• Mental illness: If you have certain mental health disorders, such as schizophrenia or bipolar disorder, you may experience psychosis.

Treatment options

Treatment for psychosis varies depending on how severe a person’s symptoms are and whether they have any other mental health concerns. Antipsychotic medications are generally recommended as the first step to treat psychosis, often in combination with psychotherapy.5 Depending on the underlying causes of the condition, therapy may also be helpful on its own.

  • Medications: Antipsychotic medications can help regulate moods, emotions, and thought patterns, which can reduce the severity of psychotic symptoms.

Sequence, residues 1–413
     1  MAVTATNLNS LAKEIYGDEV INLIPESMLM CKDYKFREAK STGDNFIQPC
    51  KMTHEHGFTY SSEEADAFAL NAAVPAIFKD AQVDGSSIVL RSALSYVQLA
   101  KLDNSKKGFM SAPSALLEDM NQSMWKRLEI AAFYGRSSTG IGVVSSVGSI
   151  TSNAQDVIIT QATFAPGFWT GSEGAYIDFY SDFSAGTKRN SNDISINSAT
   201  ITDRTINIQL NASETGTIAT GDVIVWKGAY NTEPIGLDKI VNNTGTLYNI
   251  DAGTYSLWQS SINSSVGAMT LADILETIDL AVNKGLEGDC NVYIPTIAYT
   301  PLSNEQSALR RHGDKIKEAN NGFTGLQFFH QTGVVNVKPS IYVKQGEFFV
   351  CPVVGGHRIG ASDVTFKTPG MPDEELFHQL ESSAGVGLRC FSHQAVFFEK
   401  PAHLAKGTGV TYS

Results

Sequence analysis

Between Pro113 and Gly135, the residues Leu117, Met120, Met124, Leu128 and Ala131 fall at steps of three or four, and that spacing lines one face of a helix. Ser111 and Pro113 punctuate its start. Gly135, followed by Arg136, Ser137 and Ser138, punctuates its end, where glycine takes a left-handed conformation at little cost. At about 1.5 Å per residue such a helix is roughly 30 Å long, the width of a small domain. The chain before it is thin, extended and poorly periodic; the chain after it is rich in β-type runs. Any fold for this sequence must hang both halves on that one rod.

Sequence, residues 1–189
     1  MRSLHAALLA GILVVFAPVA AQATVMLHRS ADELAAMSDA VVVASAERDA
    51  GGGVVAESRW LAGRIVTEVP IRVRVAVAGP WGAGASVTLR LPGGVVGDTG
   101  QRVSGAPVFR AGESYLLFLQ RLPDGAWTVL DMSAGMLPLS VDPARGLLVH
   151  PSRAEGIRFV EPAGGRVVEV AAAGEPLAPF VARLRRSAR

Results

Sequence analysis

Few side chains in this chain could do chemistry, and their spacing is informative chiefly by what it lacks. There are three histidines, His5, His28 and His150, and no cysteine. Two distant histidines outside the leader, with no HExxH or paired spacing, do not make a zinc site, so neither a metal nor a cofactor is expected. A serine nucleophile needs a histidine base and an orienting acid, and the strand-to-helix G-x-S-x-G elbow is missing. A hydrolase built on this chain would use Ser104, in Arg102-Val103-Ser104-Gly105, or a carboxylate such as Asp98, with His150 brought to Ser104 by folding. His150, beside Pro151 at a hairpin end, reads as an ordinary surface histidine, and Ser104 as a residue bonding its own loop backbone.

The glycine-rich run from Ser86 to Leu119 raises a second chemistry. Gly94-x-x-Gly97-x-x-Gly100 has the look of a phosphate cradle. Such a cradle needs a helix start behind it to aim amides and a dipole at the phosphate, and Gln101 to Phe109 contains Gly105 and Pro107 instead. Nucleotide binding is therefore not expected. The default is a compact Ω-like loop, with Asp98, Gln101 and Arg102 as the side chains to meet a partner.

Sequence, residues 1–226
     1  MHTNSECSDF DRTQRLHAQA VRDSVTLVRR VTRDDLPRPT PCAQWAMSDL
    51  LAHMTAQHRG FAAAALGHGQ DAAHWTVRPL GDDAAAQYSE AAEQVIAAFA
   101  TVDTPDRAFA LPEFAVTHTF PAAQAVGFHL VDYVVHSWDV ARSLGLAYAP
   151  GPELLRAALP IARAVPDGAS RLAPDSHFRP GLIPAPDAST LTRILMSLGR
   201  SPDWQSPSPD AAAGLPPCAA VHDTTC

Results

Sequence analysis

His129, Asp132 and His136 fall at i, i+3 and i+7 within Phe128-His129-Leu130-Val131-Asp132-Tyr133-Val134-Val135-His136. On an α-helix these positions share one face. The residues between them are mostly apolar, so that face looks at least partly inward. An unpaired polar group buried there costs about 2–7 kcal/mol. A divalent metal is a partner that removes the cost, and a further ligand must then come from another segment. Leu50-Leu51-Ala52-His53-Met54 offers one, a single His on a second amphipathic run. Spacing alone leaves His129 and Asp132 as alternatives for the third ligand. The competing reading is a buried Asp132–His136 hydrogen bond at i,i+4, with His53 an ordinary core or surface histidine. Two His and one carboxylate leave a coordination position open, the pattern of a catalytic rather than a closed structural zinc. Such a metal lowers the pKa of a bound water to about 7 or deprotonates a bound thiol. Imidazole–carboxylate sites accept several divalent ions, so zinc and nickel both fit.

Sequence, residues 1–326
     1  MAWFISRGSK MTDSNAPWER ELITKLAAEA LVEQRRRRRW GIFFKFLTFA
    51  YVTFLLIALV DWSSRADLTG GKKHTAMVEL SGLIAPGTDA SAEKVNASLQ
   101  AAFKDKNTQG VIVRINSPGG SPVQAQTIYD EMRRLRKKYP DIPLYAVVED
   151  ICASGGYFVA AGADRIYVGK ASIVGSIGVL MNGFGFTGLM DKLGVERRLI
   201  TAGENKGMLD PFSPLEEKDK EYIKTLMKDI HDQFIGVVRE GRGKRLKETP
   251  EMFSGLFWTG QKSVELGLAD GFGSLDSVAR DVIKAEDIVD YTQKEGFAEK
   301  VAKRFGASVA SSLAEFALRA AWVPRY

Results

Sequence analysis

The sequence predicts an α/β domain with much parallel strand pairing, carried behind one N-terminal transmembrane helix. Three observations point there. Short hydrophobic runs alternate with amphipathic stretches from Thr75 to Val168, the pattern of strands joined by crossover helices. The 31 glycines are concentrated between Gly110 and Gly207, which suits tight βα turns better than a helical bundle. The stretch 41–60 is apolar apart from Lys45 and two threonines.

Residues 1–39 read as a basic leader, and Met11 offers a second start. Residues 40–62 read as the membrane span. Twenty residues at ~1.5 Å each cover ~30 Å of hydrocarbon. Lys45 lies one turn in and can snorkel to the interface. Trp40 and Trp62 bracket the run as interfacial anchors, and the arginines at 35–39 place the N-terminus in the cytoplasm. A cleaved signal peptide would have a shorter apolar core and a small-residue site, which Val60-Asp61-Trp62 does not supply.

• Cognitive behavioral therapy (CBT): CBT offers tools and techniques to identify and change unhelpful thinking and behavior patterns.
  • Internal Family Systems (IFS) therapy: IFS therapy involves looking at the parts that make up your inner self and understanding each part’s role, intentions, and positive attributes.
  • Eye movement desensitization and reprocessing (EMDR): EMDR helps you reprocess traumatic memories and reduce the distress associated with them.

With the right approach, psychosis is treatable. If you believe you may be experiencing psychosis, talk to a therapist or your doctor right away.

Get help now

If you’re in crisis, help is available now. For free, confidential 24/7 support, call or text the 988 Lifeline at 988 or text HOME to 741741 to chat with a crisis counselor.

About the author

The editorial team at works with the world’s leading clinical experts to bring you accessible, insightful information about mental health topics and trends.